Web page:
Category:Bassett-Lowke Garden Railways

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Bassett-Lowke's Garden Railways locos and accessories were another major product line for the company, and although the market for these very large model locomotives kept shrinking, they were an area where B-L didn't have a lot of competition. As a result many of the miniature railways around Britain and the rest of the world that are in use as tourist attractions were either made by Bassett-Lowke, by Henry Greenly (who worked with Bassett-Lowke), or ... since B-L were willing to sell individual castings or complete sets for their locos ... were made with the help of B-L parts.

Miniature Railways of Great Britain

In 1904, Bassett-Lowke set up an offshoot company, "Miniature Railways of Great Britain", to build 15"-gauge model railways for exhibitions and fairgrounds, with engineering by Henry Greenly and James Mackensie managing the works.

Model railways were built for Blackpool, Rhyl, Southport, Parc des Eau Vives in Geneva, the Nancy Exhibition, Barmouth, the Ravenglass and Eskdale line, and the Romney, Hythe and Dymchurch miniature railway, along with a specially-commissioned model for the LNWR for the 1908 Franco-British exhibition.

Garden Railway timeline


Formation of subsidiary company, Miniature Railways of Great Britain, for the operation of passenger-carrying railways up to 15 inch gauge.


  • 15 inch gauge steam locomotive and rolling stock supplied to the Duke of Westminster at Eaton Hall.
  • 7 ¼ inch gauge Great Central Railway locomotive built for Mr. Coates, of Paisley.
  • 15 inch gauge 4-4-4 petrol driven locomotive made to the order of Mr. C.W. Bartholomew at Blakesley Hall.


  • Locomotives and rolling stock supplied for the 15 inch gauge railway at Rhyl, North Wales.
  • 15 inch gauge model "Atlantic" locomotive supplied for the Southport Miniature Railway.


  • 15 inch gauge complete model railway built and despatched to the King of Siam, Bangkok.
  • 15 inch gauge complete model railway supplied to Sir Robert Walker at Sand Hutton.
  • Complete 15 inch gauge passenger-carrying railway with Pacific type locomotive constructed for Luna Park, Geneva.


  • 9 ½ inch gauge model railway installed at the Children’s Welfare Exhibition at Olympia.


  • Equipment constructed prior to the war was installed to convert the Ravenglass and Eskdale Railway to 15 inch gauge.


  • Treasure Island Railway, 7 ¼ inch gauge (second year of the Wembley Exhibition). King George V and Queen Mary visit the Exhibition and ride on the railway.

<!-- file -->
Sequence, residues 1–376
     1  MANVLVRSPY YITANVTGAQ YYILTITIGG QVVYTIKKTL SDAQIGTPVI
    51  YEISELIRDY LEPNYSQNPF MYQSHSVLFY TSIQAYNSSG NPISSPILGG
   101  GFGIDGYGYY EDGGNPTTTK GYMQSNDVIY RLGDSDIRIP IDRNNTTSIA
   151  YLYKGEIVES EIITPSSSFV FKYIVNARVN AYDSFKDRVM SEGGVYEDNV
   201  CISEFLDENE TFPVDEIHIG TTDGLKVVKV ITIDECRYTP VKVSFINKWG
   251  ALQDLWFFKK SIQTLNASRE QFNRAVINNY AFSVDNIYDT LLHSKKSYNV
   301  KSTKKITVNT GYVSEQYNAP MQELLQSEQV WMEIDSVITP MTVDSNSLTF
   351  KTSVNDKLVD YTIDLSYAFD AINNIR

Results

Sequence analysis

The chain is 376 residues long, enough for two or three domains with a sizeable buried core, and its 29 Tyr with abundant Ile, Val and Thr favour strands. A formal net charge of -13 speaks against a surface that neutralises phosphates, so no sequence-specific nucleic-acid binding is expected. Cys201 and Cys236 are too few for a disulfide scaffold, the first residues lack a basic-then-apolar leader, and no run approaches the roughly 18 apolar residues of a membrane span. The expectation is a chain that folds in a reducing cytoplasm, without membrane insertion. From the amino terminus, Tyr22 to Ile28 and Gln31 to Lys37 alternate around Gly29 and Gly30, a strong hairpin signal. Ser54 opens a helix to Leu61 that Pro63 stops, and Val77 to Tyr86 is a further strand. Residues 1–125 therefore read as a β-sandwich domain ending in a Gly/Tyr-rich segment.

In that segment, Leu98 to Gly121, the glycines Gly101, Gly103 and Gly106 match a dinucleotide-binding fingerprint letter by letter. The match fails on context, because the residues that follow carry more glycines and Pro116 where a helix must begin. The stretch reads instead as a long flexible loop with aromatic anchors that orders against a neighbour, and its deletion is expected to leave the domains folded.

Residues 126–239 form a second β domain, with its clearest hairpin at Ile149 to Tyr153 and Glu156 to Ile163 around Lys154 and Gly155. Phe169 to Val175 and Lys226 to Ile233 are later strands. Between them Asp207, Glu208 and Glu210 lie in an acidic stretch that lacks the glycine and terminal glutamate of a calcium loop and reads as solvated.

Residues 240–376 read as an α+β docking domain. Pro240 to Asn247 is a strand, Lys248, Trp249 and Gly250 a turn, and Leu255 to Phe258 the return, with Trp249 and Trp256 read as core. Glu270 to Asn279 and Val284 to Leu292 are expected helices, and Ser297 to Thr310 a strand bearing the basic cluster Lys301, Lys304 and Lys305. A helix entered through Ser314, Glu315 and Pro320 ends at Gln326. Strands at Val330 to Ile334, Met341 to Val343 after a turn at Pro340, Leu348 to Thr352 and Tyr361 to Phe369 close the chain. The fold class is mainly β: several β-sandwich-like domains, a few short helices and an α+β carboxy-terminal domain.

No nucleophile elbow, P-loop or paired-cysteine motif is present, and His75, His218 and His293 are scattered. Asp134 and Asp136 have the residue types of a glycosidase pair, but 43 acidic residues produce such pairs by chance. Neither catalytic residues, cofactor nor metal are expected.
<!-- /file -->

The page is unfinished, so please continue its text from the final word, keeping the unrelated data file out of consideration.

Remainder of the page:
• Two-inch scale garden railway built for the Maharajah of Jodhpur.


  • 2 inch scale garden railway built for Sir Edward Nicholl of Littleton Park.
  • 1 ½ inch scale garden railway installed on roof of Pontings, London.
  • 2 inch scale garden railway supplied to the Maharajah of Patiala.


  • 2 inch scale railway installed at Southsea.


  • 2 inch scale Garden Railway for Captain Ward Jones.


  • 2 ¼ inch scale, 10 ¼ inch gauge "Royal Scot" locomotive supplied to Lord Downshire.


Bassett-Lowke's high-pressure 2 1/2" gauge locomotives were technically capable of hauling people around an outdoor layout (with a suitably raised track), but the company didn't really approve of this practice, and recommended either 7 1/4-inch gauge or 9 1/2-inch gauge locos "For any real passenger carrying trains in the garden or around the estate".

Customer buying these very large and very expensive locomotives were invited to have a cordial chat at a Bassett-Lowke showroom where their needs could be explored, and where they could negotiate having a loco, train, or full layout built for them, to their specifications.

Reference examples

Although the company emphasised that there was no set catalogue for these large pieces, they did publish photos and specifications of three examples of garden locos (with pricings) for potential customers to ponder:

  • A 7 1/4-inch gauge 4-4-0 LMS George the Fifth 5320
  • A 7 1/4-inch gauge LMS 4-6-0 Royal Scot 6100, and,
  • A larger 9 1/2-inch gauge 4-4-2 LNER loco, 4442.


Approximate prices listed in the 1937 catalogue were ~£250 for the George V loco and tender, ~£500 for the Royal Scot, and ~£450 for the larger 4-4-2 loco.

If we assumed a very crude "40×" scaling factor to take into account inflation (ignoring the fact that inflation affects different commodities differently), we'd arrive at a price in "modern money" of around twenty thousand pounds for just the loco and tender.

Museum collections

The museum doesn't currently keep any locomotive larger than 5" gauge. This is partly due to storage space, expense, and the lack of any proper way to display the larger locos, but it's also due to the fact that these bigger-gauge engines are arguably not toys or models but working outdoor locomotives - as such, they have their own specialised support infrastructure in the shape of a number of miniature railways around the UK, and these organisations have the service personnel to keep the larger locos in functioning order, and running ... and as outdoor attractions, they also have the shed space to show any non-working examples in a more fitting environment than an indoor museum.

External links



This category has the following 2 subcategories, out of 2 total.